The thing with Aaron Sorkin is that he’s developed this reputation. He’s an excellent playwright and he’s got a very distinct voice. How do work on a script with Aaron Sorkin? How do you tell him a scene isn’t working?
Oh no, he’s terrific to work with. I don’t know where that reputation comes from. He’s incredibly helpful. If you’ve got problems with scenes or you want to suggest other things he’s hugely helpful. Both to me and Christian [Colson], the producer going in, because he had done a lot with Scott Rudin. Scott Rudin had done a lot of work on the script.
But [Sorkin] was hugely flexible. And then with the actors, the stuff the actors wanted to change, stuff that confused them… there wasn’t very much, I have to say… but what there was he was hugely helpful, and loved being around. I think what he does is, we fortunately had a bunch of amazing actors, and I think when get it up and moving around, the rhythm of it… they find the rhythm straight away… and once they’ve found the rhythm he’s happy, because he knows that’s the ultimate thing.
Because that’s what he’s working [on]; he’s building meaning through rhythm, in a way. Incrementally he’s building it. There’s this wonderful beguiling rhythm. He knows once the actors find that, then he’ll do anything for you. So he was terrific to work with.
I guess what I’m getting at is, in some ways some people might look at Steve Jobs as an Aaron Sorkin film because his language is so recognizable. And yet in terms of the energy of it, and cinematic style, obviously it’s very Danny Boyle. I’m looking at how Steve Jobs fits into your oeuvre when you’re working with someone else so closely.
Yeah. [Thinks.] I mean, part of your work, with writing like this, it’s to clear the path for the actors really. Then you also want to empower them, and you empower through finding a rehearsal technique and a way of doing the film that gives them ownership of it.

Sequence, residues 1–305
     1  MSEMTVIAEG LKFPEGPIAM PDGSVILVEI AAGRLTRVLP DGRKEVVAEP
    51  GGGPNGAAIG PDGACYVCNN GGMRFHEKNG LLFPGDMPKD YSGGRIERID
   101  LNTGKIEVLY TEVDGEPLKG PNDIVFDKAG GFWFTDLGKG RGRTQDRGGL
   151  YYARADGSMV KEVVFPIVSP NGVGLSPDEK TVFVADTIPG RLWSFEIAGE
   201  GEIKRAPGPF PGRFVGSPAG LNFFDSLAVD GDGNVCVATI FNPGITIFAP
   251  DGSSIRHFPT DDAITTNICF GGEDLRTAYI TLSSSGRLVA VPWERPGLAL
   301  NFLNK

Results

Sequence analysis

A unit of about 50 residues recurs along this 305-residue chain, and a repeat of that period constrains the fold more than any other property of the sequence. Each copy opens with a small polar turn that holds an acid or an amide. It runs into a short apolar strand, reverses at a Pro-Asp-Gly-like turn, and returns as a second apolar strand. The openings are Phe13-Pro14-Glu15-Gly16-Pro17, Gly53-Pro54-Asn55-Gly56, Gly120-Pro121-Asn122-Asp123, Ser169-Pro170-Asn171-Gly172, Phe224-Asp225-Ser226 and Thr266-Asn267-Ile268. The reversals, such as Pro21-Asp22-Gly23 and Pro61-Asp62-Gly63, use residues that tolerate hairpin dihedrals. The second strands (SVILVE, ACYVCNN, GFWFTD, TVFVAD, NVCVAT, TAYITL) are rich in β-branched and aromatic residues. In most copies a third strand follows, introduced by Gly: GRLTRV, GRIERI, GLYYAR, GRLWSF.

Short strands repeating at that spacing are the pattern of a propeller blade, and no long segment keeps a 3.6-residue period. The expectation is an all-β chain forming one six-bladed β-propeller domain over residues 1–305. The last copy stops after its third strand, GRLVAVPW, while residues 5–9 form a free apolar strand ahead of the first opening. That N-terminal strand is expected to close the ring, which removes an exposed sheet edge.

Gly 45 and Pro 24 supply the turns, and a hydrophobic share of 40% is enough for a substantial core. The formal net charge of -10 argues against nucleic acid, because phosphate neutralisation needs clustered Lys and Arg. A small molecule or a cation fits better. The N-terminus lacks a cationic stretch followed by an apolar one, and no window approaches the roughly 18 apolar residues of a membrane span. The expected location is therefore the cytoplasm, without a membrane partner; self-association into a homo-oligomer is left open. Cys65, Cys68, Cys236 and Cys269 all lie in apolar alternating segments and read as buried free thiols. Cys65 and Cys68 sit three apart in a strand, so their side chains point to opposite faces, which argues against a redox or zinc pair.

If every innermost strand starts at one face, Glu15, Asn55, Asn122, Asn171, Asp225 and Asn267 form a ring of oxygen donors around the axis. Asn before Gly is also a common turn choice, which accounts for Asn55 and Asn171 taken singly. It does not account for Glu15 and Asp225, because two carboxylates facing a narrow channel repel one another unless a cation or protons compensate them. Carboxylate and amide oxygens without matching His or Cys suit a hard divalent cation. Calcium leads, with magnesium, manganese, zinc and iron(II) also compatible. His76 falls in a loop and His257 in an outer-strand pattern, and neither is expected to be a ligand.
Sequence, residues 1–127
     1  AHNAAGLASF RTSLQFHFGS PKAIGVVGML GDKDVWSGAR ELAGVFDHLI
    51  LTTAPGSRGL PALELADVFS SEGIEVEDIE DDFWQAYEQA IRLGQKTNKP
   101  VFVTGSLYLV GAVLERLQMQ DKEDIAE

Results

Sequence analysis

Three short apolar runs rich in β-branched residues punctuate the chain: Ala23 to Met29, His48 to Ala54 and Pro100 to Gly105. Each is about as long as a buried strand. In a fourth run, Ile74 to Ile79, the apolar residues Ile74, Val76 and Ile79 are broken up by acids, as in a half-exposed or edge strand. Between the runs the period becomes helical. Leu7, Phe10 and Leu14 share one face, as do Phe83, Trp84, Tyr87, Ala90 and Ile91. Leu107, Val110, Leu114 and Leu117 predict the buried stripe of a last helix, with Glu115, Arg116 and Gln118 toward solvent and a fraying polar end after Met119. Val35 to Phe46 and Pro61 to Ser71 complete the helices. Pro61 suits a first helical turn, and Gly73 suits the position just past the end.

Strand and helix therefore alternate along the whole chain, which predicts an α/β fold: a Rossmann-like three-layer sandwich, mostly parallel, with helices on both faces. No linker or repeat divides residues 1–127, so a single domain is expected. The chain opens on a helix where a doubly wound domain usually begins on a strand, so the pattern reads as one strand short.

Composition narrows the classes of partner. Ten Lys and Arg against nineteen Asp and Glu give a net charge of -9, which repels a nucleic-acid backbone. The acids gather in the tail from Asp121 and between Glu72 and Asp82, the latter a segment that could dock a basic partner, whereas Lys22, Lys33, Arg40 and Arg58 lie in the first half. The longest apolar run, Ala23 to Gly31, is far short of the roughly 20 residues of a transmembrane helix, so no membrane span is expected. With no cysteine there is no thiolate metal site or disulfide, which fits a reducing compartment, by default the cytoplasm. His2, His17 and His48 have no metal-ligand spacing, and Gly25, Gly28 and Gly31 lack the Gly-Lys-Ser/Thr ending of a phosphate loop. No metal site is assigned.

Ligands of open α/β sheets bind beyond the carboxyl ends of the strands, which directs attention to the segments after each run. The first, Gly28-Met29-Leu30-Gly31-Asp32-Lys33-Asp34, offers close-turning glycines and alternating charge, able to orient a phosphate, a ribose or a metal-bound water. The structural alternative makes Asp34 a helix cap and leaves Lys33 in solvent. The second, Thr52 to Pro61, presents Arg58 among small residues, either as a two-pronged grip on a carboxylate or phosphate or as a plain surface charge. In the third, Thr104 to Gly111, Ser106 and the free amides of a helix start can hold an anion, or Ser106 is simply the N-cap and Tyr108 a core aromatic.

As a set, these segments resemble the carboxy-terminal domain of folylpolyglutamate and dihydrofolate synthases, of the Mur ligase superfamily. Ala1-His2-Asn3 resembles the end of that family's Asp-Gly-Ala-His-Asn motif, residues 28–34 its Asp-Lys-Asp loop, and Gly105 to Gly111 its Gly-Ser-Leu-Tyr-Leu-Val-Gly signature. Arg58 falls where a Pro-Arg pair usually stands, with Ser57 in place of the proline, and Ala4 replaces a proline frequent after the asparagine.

But you’re also empowering them by turning it into cinema, you know? Because it’s not a play and it’s not a filmed theater piece. It actually is a piece of cinema and that’s what you want to provide. Obviously you should be judged on that, whether you provide that and harness that, and the ultimate harnessing you can do is when it organically feels like they’re all in the same thing. They feel like they’re together and they’re inseparable, really, the approaches.
So that’s what we tried to do, really, and sometimes people are aware of you doing that and other times, because films are made in the editing room, you’re doing it in the editing room as well. We had a wonderful editor on this, Elliot Graham, in which he turned this piece into a piece of cinema. Really, that’s what you’re trying to do. It’s quite the same as any film, really. You’re building ingredients, which you’re taking to the editing room.
In fact most of the ingredients of this are obviously these conversations between people, these debates, or these battles actually is what they were, between the people. That’s the biggest ingredient but all the other ingredients are there as well and occasionally you bring them to the fore and occasionally you let them just sit at the back, but they’re always there.
Top Photo: Getty Images / FilmMagic
William Bibbiani (everyone calls him ‘Bibbs’) is Crave’s film content editor and critic. You can hear him every week on The B-Movies Podcast and watch him on the weekly YouTube series Most Craved and What the Flick. Follow his rantings on Twitter at @WilliamBibbiani.